What really shocked me, though, came from Private Eye, the UK’s No. 1 investigative satire magazine (www.private-eye.co.uk). Its admirable track record for exposing nasty behaviour in all walks of life, especially politics, includes coverage of the music business. The magazine revealed in December 2020 that the UK’s Department of Digital, Culture, Media, and Sport was investigating the economics of streaming, and taking evidence from “musicians about how badly they are ripped off by the likes of Spotify” and other services.
Here are some of the facts it cited: Streaming generated £1 billion ($1.35 billion) in the UK, “of which as little as 13 percent found its way to those making the music.” One composer created a loop that played one of his works over 1100 times on Spotify as an experiment; it earned him 87p ($1.18). A violinist showed that five million streams of one of her works on Spotify over six months paid her £12 ($16.32).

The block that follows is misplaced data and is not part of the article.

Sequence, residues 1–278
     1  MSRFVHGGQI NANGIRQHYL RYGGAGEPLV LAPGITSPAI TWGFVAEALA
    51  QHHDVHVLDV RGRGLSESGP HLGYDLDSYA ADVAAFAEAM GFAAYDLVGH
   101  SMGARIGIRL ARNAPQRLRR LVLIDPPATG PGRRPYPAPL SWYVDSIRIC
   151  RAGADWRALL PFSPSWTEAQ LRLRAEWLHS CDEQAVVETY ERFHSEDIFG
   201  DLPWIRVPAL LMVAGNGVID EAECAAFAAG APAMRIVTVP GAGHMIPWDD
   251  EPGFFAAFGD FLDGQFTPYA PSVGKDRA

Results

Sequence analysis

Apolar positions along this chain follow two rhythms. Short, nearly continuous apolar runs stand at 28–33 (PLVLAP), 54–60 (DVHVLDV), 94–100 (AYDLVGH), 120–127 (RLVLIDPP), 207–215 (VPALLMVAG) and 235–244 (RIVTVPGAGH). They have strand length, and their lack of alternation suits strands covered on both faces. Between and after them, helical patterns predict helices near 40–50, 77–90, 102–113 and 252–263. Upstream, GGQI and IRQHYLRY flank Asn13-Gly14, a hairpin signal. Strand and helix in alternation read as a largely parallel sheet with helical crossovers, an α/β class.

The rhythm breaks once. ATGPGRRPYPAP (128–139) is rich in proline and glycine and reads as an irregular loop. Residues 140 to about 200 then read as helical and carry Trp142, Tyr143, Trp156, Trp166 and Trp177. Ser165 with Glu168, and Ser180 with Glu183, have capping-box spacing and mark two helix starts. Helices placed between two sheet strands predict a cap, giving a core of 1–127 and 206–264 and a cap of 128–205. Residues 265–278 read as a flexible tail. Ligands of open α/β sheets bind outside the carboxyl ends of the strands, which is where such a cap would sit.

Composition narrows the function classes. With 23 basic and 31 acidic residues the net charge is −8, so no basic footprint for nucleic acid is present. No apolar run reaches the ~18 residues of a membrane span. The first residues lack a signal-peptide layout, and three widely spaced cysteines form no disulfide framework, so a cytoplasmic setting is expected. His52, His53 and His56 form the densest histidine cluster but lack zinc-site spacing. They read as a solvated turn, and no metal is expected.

That’s what you’re dealing with when you stream. I know the record companies aren’t exactly generous when they pay an artist for an LP or CD sale, but it’s way more than what the performers get for a stream. Unless you’re an artist with the clout of Taylor Swift, who can negotiate a better deal, streaming is a form of cyber robbery.
If you’re heartless and couldn’t give a toss about the musicians, so be it. If you revel in convenience and don’t mind sacrificing sonic merit, go for it. But surely you’re an audiophile, because you are checking out a site that does care about those things. If that’s not enough to make you think about the dynamic of streaming, then remember the audiophile who said, “Nobody ever asked to see your MP3 collection.” Or, for that matter, your streamer.
*Note: lover is a gender-, nationality-, religion-, sexual-preference-, and race-neutral noun, so spare me the hate mail unless you’re an incel—or a vegan who abhors the notion of foie gras.
. . . Ken Kessler